The Future of Shari’a: Secularism from an Islamic Perspective
This project is the current initiative of Prof. Abdullahi Ahmed An-Na’im, Charles Howard Candler Professor of Law at Emory School of Law.
The project celebrates and seeks to contribute to the struggle of Islamic societies to define themselves in the context of the local and global conditions under which they live. A key aspect of this process is the constitutional and legal dimensions of the post-colonial experiences of Islamic societies, especially the relationship among Islam, state and society.
To learn more about The Future of Shari’a project, you can read our summary in your browser using the following document or download a pdf here.
From Professor An-Na’im:
This project is the culmination of my life’s work, the final statement I wish to make on issues I have been struggling with since I was a student at the University of Khartoum, Sudan, in the late 1960s. I speak as a Muslim because this is what I am accountable for as my own religion, and not simply as a hypothetical academic argument. However, I am arguing here for the secular state as a framework for negotiating the future of Shari`a, without claiming or seeking to examine all the theoretical or practical implications of this theory.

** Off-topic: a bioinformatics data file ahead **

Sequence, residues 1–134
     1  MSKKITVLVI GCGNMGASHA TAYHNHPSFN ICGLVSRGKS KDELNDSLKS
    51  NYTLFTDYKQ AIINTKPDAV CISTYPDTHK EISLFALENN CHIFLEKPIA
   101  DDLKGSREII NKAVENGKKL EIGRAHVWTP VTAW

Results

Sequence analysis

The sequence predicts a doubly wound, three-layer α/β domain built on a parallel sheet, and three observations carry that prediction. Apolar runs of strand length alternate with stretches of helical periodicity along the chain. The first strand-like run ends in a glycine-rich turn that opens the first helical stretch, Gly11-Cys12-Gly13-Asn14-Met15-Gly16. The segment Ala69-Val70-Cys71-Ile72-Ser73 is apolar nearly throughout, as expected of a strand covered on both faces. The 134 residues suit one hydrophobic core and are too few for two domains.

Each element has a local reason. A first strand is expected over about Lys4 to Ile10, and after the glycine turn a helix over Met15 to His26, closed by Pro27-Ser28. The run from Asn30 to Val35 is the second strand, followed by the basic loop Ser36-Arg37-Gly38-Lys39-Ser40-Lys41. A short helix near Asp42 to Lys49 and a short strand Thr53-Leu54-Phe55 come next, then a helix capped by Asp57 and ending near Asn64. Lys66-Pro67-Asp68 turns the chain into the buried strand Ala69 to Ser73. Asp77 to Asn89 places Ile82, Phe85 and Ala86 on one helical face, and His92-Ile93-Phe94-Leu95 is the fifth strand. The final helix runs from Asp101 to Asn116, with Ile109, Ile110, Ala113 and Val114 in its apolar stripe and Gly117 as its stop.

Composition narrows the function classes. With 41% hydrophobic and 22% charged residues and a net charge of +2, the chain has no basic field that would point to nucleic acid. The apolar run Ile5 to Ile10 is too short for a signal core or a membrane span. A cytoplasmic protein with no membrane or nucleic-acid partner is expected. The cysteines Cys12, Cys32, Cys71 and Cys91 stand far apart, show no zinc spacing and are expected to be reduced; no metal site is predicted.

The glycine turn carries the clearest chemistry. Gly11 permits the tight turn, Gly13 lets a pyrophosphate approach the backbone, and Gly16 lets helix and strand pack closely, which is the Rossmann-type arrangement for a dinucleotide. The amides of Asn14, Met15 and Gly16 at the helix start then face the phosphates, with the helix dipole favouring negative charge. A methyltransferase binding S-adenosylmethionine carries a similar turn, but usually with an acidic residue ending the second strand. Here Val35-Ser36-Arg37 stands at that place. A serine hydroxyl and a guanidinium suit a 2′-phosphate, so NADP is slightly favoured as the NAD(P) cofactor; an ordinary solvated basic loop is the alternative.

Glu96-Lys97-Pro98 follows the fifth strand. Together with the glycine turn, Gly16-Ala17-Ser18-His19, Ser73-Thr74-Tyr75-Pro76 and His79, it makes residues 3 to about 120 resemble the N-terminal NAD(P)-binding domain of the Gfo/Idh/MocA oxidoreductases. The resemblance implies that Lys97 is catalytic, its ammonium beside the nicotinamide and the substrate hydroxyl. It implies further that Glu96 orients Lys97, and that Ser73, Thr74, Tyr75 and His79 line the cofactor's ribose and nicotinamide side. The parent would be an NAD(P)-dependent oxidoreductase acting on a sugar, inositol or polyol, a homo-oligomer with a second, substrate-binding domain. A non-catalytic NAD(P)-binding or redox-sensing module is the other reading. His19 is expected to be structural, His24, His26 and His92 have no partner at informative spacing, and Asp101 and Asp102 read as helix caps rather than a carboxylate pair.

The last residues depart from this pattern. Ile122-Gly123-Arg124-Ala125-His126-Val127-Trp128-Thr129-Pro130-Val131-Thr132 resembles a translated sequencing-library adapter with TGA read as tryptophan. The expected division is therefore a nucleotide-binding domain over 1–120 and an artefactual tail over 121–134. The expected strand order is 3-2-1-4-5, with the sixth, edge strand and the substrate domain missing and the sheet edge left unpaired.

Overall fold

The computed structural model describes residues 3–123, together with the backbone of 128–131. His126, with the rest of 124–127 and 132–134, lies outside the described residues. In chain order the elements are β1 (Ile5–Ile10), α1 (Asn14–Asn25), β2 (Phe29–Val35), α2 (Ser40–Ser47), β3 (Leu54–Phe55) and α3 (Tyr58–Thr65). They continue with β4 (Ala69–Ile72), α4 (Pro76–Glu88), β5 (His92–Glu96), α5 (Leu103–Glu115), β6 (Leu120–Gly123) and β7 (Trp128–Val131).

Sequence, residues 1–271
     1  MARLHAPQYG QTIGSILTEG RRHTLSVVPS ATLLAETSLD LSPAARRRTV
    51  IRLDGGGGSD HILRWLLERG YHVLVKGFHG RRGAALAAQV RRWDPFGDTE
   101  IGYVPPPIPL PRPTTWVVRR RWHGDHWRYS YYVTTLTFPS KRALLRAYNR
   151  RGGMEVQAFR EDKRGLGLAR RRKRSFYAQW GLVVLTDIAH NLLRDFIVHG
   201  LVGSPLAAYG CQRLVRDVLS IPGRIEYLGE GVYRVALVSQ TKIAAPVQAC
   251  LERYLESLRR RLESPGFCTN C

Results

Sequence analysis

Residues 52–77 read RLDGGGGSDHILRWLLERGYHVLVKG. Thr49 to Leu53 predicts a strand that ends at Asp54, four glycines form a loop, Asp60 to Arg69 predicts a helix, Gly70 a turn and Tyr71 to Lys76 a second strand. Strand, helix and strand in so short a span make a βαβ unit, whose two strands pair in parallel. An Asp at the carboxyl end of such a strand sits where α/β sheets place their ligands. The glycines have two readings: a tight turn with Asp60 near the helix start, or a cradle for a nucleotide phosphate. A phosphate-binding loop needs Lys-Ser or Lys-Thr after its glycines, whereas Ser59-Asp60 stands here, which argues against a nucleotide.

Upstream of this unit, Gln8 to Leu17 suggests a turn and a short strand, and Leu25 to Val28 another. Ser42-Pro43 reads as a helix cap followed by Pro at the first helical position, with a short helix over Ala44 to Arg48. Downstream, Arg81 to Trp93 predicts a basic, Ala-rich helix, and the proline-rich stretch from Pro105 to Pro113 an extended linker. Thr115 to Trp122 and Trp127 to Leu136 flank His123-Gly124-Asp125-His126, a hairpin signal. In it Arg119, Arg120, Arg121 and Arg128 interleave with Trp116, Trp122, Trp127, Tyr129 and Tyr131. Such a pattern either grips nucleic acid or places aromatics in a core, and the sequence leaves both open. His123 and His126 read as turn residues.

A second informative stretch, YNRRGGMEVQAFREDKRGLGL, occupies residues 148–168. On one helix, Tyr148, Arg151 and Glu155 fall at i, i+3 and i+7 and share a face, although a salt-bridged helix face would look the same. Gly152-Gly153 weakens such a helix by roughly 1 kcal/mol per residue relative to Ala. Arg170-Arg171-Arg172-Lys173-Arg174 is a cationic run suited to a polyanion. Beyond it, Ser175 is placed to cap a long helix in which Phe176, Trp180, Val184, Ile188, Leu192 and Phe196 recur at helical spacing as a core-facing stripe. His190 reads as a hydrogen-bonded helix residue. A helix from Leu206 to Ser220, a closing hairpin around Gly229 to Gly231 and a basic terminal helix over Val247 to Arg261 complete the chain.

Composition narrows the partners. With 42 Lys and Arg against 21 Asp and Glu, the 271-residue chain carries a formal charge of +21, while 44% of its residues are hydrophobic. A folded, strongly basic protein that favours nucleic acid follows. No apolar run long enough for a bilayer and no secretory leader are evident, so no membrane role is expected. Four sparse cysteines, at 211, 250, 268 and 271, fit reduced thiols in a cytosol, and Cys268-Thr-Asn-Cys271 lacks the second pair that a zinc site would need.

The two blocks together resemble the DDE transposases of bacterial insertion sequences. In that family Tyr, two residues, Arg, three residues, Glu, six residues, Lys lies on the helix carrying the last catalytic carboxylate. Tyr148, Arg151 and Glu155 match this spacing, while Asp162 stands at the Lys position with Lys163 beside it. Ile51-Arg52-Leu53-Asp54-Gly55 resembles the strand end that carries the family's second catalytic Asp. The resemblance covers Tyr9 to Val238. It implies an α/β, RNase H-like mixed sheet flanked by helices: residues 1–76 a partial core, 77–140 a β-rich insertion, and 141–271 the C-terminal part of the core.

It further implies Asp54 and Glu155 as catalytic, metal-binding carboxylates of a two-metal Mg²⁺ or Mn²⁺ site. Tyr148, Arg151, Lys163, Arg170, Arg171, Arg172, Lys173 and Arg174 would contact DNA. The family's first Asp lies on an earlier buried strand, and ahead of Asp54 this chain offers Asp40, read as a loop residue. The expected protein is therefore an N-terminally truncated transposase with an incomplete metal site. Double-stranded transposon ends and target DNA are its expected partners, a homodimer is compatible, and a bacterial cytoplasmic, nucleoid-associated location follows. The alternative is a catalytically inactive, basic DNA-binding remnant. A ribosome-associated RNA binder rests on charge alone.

In this initial statement, I am only seeking to initiate debate around these issues, rather than attempt to prescribe solutions. What might follow from the argument I am making will depend on how Muslims perceive, receive, modify or reject my proposal. I also want to emphasize that the proposition I am presenting here relates to the public role of Shari`a, and not matters of religious doctrine and practice in the private, personal domain. Starting from the premise that Shari`a will indeed have a paramount role in the public life of Islamic societies, I am primary concerned with clarifying and safeguarding the most conducive conditions for the negotiation of that role.